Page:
Today Fiona Harper tells us about one of the writing tricks she learned while wearing legwarmers : using motifs.
When I went to university I studied contemporary dance as part of my honours degree. My favourite subject, and definitely the one where I got the highest marks, was choreography. I've always thought that I brought some of the techniques from my dance training into my writing, but have always found it hard to vocalise exactly what. Recently I've been able to pinpoint a few of these, and the one that jumped out the most was using motifs.
The OED defines motif as "a single or repeated image forming a design" and "a dominant or recurrent theme in an artistic, musical, or literary work." Even though I love watching dance, I find it really easy to switch off if the choreography lacks structure. If all the audience gets is one move after another, always changing, always different, it can become a bit dizzying - a bit like stream of consciousness writing that can ramble on without really saying anything concrete.
In dance, a motif would be a movement image, for example, a step, a particular arm movement, or a shape. When choreographing, I would come back to the same movement again and again - but never in exactly the same way so it was familiar and fresh at the same time. The idea was to add to and develop the movement motif. This stops the audience getting that feeling of 'new information overload'. When they recognise the movement they think, "I recognise this. I understand this," and it brings a sense of completion and structure.
Almost subconsciously I found I was using the same technique in my writing. Sometimes it would be a phrase that became important. In my current release, Invitation To The Boss's Ball, my heroine sells vintage clothes on a market stall. Right away I knew I wanted tap into this and use the idea of her feeling "second hand" to deepen her emotional conflict. This idea and phrase (or variations on it - you don't want to get too repetitive!) appear again and again through out the book. Even my hero, Cameron, has a conflict based on a different aspect of this theme. This sense of recognition is what draws Cameron and Alice together, even while the same core issues push them apart.
Visual images also make great motifs, and I find they usually symbolise something important for one of my main characters. In Invitation To The Boss's Ball it was Alice's fabulous vintage shoes. They came to represent Alice's self-worth, and are important to the story line because they are tied up with Alice learning to find her 'inner princess'. (It's a modern-day Cinderella story, if you haven't already guessed that!)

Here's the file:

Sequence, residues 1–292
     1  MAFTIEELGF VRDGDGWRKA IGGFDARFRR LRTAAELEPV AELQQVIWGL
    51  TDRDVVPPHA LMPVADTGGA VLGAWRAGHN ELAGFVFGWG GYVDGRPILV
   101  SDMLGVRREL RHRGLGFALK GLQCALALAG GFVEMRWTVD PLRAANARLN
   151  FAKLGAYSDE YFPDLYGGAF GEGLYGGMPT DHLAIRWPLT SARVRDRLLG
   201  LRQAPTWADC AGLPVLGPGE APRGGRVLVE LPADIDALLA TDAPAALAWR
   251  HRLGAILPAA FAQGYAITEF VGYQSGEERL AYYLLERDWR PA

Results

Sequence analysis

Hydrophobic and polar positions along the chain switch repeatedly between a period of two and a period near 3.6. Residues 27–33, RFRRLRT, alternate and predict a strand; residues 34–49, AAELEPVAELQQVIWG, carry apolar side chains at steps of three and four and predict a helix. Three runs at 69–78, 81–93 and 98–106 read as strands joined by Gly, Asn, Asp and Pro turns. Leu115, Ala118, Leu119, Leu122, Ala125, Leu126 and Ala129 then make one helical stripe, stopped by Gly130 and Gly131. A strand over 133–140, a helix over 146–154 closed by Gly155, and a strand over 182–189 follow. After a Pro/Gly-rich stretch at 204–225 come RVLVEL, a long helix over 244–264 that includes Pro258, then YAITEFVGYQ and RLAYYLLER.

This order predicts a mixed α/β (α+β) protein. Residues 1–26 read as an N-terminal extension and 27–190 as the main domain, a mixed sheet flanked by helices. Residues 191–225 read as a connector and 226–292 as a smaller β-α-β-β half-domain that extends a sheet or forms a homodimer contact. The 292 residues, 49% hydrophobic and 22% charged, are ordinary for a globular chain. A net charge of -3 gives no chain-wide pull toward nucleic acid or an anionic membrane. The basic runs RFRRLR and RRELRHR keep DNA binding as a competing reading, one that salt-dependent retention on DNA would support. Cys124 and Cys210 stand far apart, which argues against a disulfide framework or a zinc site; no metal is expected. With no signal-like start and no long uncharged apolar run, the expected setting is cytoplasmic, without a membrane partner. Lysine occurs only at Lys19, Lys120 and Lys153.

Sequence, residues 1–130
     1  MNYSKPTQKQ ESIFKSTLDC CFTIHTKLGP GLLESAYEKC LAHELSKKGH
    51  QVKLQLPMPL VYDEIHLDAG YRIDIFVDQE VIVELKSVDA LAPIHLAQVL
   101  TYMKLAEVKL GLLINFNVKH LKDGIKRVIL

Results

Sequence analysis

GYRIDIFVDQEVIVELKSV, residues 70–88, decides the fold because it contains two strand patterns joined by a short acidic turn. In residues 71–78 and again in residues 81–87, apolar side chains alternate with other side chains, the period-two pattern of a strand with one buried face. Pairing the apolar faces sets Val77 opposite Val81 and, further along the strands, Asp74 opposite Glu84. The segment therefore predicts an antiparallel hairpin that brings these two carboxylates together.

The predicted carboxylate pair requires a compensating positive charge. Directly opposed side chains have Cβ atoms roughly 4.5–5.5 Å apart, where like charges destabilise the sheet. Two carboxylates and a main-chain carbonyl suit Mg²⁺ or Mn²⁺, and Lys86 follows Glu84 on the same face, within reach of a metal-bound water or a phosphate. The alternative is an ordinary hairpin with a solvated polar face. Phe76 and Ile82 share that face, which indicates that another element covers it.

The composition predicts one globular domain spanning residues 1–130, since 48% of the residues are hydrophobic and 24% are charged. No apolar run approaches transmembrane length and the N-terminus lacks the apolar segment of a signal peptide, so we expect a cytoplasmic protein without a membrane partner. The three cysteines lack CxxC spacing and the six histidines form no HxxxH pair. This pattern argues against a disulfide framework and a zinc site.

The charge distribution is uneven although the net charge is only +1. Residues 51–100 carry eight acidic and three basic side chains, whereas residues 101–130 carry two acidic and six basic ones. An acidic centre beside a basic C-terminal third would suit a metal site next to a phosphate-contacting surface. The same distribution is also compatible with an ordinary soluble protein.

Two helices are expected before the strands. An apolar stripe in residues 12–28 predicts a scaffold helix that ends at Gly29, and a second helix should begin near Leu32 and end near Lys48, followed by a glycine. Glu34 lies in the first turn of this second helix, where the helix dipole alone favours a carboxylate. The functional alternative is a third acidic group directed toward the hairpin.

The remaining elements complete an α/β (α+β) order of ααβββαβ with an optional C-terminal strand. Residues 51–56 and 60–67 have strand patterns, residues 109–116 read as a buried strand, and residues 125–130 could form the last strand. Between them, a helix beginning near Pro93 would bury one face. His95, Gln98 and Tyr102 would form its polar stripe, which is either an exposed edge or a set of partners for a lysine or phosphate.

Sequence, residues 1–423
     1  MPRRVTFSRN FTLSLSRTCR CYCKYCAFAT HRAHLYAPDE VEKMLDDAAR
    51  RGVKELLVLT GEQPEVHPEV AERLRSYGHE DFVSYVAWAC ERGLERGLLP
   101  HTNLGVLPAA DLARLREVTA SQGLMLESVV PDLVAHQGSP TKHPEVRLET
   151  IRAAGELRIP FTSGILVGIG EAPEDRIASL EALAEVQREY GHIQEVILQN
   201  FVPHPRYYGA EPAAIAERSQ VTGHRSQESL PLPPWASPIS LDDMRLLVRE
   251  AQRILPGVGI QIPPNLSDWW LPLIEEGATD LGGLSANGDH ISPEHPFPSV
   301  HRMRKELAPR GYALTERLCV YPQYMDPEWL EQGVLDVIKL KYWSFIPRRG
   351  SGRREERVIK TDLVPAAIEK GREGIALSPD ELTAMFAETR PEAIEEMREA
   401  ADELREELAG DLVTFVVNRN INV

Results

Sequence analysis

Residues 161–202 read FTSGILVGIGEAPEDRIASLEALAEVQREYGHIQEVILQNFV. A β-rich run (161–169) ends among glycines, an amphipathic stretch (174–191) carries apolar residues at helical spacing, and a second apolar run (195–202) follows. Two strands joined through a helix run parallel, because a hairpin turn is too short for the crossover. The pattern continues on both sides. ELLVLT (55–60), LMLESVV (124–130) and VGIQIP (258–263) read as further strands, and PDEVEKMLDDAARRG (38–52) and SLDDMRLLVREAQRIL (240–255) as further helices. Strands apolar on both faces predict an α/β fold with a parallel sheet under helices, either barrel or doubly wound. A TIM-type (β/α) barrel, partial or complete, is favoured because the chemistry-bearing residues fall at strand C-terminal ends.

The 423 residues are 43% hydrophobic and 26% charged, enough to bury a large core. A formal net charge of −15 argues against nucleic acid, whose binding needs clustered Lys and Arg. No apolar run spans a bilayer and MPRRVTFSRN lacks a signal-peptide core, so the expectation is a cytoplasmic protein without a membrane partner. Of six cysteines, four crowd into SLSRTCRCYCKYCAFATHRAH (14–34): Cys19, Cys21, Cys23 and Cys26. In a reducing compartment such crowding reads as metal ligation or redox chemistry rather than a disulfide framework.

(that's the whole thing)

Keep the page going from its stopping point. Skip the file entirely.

At the beginning of the book she's drawn to the shoes, and that's because, underneath her Plain-Jane exterior, she longs to be the kind of woman men fight for. But she can't quite bring herself to wear the shoes, feeling she isn't worthy of them.
By the middle of the book, Alice is ready to wear her vintage, glass-heeled shoes. However, I'm not sure she would put them on if she hadn't been pushed into it. She's attending a glamorous ball and she uses them to bolster her confidence, to help her feel gorgeous. But all the changes are happening on the outside. She may make the hero's jaw drop at this point, but inside she's still the skinny, ginger-haired girl who feels about as sexy as an ironing board.
By the time Alice and Cameron reach their Black Moment, Alice's shoes are broken - echoing the state of their relationship. She even wails about this, crying about how she's going to be shoeless for the rest of her life, and how she's never going to find another pair like it rest if her life, as a confused Cameron looks on. She's not really talking about the shoes here but, being a man, Cameron just doesn't get this. (Let's face it - when do men ever get shoes?)
I won't give away what happens to the shoes at the end of the book, but I will tell you that Alice really doesn't need them to make her feel like a princess by then - the knowledge has made it's way to the inside, and she's ready to meet her prince as an equal. (Aww!)
I don't often plan out the images and motifs I use; they just appear as the story unfolds. Some ideas fall by the wayside; some become crucial to the whole book. I keep an eye out for images and ideas as I write, often scribbling them on a post-it note and sticking it to the shelves above my desk. I'll use it later if I suddenly have a brainwave of how it can add depth and emotion to what I'm writing. But the golden rules still applies: doing the same thing is boring and repetitive. Somehow the motif has to gain depth and complexity.
Motifs are particularly useful for foreshadowing and pay-off at key emotional moments in the story. Think about "Sleepless In Seattle" - all through the film the characters talk of how if feels to find the person you are destined to be with. Annie's mother talks of it as "magic", and sets up the idea that a person will feel it instantly they take their soul mate's hand. By the time we reach the final scene, and Sam's fingers close around Annie's, nothing needs to be said. No dialogue or explanation is needed. The audience instantly knows there's "magic". Great use of foreshadowing and pay-off! (This is also my cue to reach for the box of tissues and make attractive sniffing noises.)
So, what images, ideas, phrases and themes are crying out to be woven into your latest wip? Whay unexpected motifs have added depth to your stories?
Fiona’s latest release is Invitation To The Boss's Ball, on sale now in bookshops and at eHarlequin and Mills&Boon.
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